Troy Caine, Guest Columnist
THE very interesting story by Adrian Frater in The Sunday Gleaner (August 25, 2013) regarding the horrible Vaughansfield fire on Wednesday, August 25, 1943 also evoked memories of its political consequences in that area of St James during the early period of our modern political history.
The incident, which cost the lives of seven students and numerous injuries when lightning struck the school and started a fire was, however, mollified by the heroic action of its courageous headmaster, Mr Stanley Scott, who, with scant regard for his own safety, dashed into the inferno and rescued at least 25 of his students that day.
Hailed as an instant local hero from then, Scott would use his fame to test the political waters in the second general election of December 1949 with devastating effect, and became one of the few who attained elected membership to the House of Representatives largely through this kind of superhero image and at a time when educators were the toast of the political system.
A native of Westmoreland, Stanley Albert Scott was born in 1910 and became a Mico graduate who taught at Montpelier, Mount Horeb, Rockampton and Vaughansfield elementary schools - all in the parish of St James - and known throughout the parish for his social and agricultural activities.
His entry into politics began on June 1, 1949 when he formally announced his candidacy as an independent to contest the South East St James seat (which today is comprised of areas of South and East-Central St James). He would later be joined by six other candidates (including four other independents), making it the second constituency which would have a seven-man contest in the elections.
Predictably, the South East St James contest became quite a humdinger, and with four of the candidates attaining four figures, it emerged as one of the most competitive in 1949. With a 68 per cent voter turnout of 11,283 of the 16,587 listed voters, Stanley Scott stole the show with a poll of 4,111 votes (36.4 per cent) and defeated the popular Arthur Benjamin Lowe (Ind) by 1,907 when he polled 2,204 (19.5 per cent).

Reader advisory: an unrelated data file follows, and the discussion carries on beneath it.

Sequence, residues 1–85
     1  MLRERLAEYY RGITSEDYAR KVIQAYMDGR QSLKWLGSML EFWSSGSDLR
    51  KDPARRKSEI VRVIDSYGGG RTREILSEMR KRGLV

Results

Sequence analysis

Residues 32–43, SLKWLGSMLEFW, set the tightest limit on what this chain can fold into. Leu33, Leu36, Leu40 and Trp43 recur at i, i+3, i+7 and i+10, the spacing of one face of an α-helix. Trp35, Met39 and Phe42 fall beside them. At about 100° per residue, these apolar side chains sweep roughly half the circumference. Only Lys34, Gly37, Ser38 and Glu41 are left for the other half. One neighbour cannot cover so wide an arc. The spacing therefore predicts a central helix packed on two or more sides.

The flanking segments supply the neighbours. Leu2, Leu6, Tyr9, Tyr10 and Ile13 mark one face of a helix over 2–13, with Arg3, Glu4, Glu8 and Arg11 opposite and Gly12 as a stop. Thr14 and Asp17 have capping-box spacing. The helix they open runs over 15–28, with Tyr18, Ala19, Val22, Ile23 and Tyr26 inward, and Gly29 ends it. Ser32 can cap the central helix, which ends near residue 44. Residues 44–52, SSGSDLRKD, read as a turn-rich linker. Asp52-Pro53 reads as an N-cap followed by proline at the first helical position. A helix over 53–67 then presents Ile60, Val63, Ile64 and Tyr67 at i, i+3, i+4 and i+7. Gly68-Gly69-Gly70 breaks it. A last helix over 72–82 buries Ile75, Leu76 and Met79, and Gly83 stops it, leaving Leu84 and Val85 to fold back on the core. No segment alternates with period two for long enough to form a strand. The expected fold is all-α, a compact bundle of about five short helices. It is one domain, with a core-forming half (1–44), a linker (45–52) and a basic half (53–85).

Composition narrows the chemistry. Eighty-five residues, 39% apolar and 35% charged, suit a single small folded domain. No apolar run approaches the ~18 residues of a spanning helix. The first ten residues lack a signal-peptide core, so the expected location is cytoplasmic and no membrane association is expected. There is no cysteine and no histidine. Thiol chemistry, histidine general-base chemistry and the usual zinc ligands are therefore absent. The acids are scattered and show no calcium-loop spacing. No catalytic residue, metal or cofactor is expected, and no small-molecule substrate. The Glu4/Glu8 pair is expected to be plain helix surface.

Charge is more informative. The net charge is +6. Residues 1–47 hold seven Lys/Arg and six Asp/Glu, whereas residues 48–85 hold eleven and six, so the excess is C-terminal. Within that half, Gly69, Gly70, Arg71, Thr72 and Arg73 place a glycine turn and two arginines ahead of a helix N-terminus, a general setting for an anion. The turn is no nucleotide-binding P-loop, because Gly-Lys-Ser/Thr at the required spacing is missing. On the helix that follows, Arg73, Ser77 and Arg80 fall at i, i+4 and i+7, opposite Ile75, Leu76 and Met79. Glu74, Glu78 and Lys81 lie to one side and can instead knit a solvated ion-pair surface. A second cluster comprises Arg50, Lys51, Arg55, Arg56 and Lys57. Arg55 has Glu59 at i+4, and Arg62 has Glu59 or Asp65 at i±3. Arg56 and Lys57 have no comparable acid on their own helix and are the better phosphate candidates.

The PNP's Maxwell Carey (then a St James councillor) came third with 1,349 (12.0 per cent), followed by the Rev Cyril Morgan (then an independent) with 1,210 (10.7 per cent); next came the JLP incumbent Robert Cecil McFarlane, who got only 1,150 (10.2 per cent), and the other two independents, Charles S. Morris and Ernest N. Morris, received a paltry 815 (7.2 per cent) and 278 (2.5 per cent) of the ballots, respectively.
At that point, Stanley Scott became one of the two last independent members to be elected to the House (the other being Sir Harold Allan of East Portland) - and not "the first independent member of parliament in Jamaica", as stated by Adrian Frater in his article. The first independent members of the House were actually the first five elected in 1944 - Harold Allan, Roy Lindo, J.Z. Malcolm, F.L.B. Evans and the Rev Reginald E. Philips. Indeed, Stanley Scott also became the third independent (after Lindo and Philips) to defeat both JLP and PNP opponents in a contest.
The scope of Scott's 1949 victory was clearly highlighted by his dominance in 38 (44 per cent) of the 85 boxes throughout the constituency and a tie for most votes in two others. This dominance reflected a clean sweep of votes from areas geographically connected in a wide radius to the site of his ill-fated school, such as: Vaughansfield (obviously), Maroon Town, Flagstaff, Kensington, Springfield, Spring Mount, Amity Hall, Sunderland, Lottery, Somerton, Maldon, Yorkland, Potosi, Chatsworth, Bird Track, Summer Hill, Latium, Mocho, Catadupa, Tapland, and Niagara.
But to some extent, his triumph in 1949 as an independent could have been precipitated by the victory of seven independent councillors in all seven divisions in the constituency in the 1947 parish council elections.
SENT INTO RETIREMENT
However, by 1955, when the entire parish swung to the PNP, Stanley Scott became the JLP candidate who lost the seat to the PNP's Rev Cyril Morgan by more than 2,300 votes in a 65.2 per cent voter turnout, mustering only 2,786 ballots (25.9 per cent) to Morgan's 5,116 (47.5 per cent).
The result was perhaps influenced by the presence and strong showing of the Farmers Party candidate, Oscar L. DeLisser, who amassed 2,655 votes (24.7 per cent), with the advantage of being an influential and long-serving independent councillor in the constituency who would join the JLP a few years later. In fact, the 1951 parish council elections in the area had mirrored the writing on the wall for Scott's political fate as a JLP prospect when five of the seven divisions went to the PNP and the other two went to Independents.
Following his defeat in 1955 approaching 45, Stanley Scott called it a day and rode off into the political sunset, perhaps contented that he had made his mark even as a one-termer in the halls of Headquarters House and in the hilly districts of St James.
Later, he would attain far more recognition when successful independents acquired the distinction of endangered species status in the annals of Jamaican politics - and which today is believed by many Jamaicans to be a national misfortune, some six decades later.
Troy Caine is a political historian and analyst. Email feedback to firstname.lastname@example.org and email@example.com.